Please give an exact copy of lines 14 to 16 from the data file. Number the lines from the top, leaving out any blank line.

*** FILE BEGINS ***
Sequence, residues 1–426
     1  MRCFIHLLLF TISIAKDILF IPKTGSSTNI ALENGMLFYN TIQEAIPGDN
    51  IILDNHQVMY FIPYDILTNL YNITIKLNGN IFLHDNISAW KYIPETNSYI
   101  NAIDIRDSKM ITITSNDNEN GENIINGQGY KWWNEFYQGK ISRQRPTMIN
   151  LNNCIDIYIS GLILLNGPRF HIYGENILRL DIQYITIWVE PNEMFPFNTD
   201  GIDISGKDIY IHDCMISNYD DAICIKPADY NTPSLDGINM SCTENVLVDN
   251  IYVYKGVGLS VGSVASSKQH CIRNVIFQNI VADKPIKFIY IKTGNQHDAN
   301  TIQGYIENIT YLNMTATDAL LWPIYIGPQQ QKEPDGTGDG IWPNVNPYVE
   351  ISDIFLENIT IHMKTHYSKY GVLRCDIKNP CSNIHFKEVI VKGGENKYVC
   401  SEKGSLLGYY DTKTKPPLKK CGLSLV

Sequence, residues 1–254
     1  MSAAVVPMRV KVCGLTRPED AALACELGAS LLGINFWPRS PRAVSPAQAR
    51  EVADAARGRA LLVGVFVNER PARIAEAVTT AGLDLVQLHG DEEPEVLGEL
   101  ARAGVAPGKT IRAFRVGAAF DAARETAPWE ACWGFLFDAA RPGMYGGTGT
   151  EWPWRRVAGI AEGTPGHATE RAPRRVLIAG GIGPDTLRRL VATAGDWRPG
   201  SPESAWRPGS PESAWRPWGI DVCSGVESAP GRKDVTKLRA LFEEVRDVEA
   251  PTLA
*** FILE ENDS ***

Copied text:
   101  ARAGVAPGKT IRAFRVGAAF DAARETAPWE ACWGFLFDAA RPGMYGGTGT
   151  EWPWRRVAGI AEGTPGHATE RAPRRVLIAG GIGPDTLRRL VATAGDWRPG
   201  SPESAWRPGS PESAWRPWGI DVCSGVESAP GRKDVTKLRA LFEEVRDVEA